Online Schools Crucial For Curbing Climate Change In SA


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Ahead of the 2024 academic year, schools around the country are now full, leaving thousands of learners unplaced. “And while provincial education departments are scrambling to build additional classrooms and schools to cater for these pupils, what about the environmental impacts of these projects?” asks Dr Corrin Varady, CEO at IDEA.


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He explains that South Africa, as the largest greenhouse gas (GHG) emitter on the African continent, has committed to reduce its carbon emissions to between 350-420 MtCO2e by 2030. Yet, every single school building in the country emits around 173 tons of CO2 annually, excluding construction-related emissions and materials.

In contrast, however, online schools could help to reduce 83% of carbon emissions. And while these schools are not carbon-free, given the emissions from data servers and the manufacture of devices, their carbon footprint is far less as they reduce commuting for both students and faculty members while also decreasing energy and resource consumption.”

“At the same time, online learning can decrease a school’s energy consumption by 88%, which is critical given the country’s energy crisis. This is especially pertinent when one considers that South Africa’s public schools use an estimated 3.5 TWh of energy a year, equal to a quarter of the power produced by the Koeberg Power Station,” points out Dr Varady.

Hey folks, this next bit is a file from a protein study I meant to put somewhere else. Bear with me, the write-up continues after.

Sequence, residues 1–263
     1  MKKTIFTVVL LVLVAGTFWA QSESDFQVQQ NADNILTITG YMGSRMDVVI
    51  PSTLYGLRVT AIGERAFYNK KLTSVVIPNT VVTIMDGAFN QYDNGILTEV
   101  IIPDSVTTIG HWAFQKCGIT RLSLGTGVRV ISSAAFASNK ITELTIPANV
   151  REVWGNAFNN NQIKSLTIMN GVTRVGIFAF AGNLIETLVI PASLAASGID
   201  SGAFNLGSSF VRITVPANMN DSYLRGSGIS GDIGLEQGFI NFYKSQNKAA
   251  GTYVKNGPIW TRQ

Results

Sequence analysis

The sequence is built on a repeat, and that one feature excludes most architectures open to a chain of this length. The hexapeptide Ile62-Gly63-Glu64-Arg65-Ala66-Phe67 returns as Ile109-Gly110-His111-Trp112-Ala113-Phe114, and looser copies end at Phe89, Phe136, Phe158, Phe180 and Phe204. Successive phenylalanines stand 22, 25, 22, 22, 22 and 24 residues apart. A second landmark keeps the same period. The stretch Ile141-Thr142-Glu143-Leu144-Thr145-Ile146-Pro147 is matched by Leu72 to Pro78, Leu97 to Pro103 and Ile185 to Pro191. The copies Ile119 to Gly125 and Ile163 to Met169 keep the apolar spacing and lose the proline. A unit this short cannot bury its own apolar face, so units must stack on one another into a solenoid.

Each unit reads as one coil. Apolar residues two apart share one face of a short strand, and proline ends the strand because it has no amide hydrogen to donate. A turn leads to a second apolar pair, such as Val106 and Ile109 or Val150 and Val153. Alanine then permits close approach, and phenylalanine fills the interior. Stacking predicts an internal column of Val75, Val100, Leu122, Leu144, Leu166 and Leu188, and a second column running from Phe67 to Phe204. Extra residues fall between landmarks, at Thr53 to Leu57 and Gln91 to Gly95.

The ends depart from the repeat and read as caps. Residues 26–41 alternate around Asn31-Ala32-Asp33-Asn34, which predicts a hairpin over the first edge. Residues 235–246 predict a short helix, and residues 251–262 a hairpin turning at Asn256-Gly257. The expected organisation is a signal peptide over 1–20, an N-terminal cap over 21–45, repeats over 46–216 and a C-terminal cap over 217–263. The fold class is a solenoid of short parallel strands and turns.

Yet, we continue building these schools that have a net negative externality on the environment, when we could be delivering a low carbon footprint alternative.

“Moreover, with digital learning programmes costing about 10% - at most - of what is typically spent on the construction of physical school infrastructure, this could be a lower cost option for provincial education departments to place learners, particularly in the wake of Treasury’s R1.78 billion chop to the school infrastructure budget for 2023/24,” adds Dr Varady.

He notes too that education is critical to South Africa’s mitigation and adaptation responses to climate change. “But, with the country in the grips of a dire teacher shortage – most notably in subjects like maths and science - online schools could provide access to subject areas that will help learners tackle the climate crisis. This is also in line with the vision of the National Development Plan (NDP) for the creation of an educational and national science system by 2030 which serves the needs of society.”

“We are getting to the point where the environment, our growing student population, and meagre infrastructure budgets mean we can no longer afford to keep ignoring digital learning, especially if we are to meet the country’s sustainability and education goals as we head towards 2030. There really is no other option. We cannot wait for ubiquitous internet access or for the country’s energy crisis to be solved. We need to be moving education online now so that we can develop learners who are able to innovate solutions to these issues and optimise this infrastructure to be more friendly to the environment,” concludes Dr Varady.

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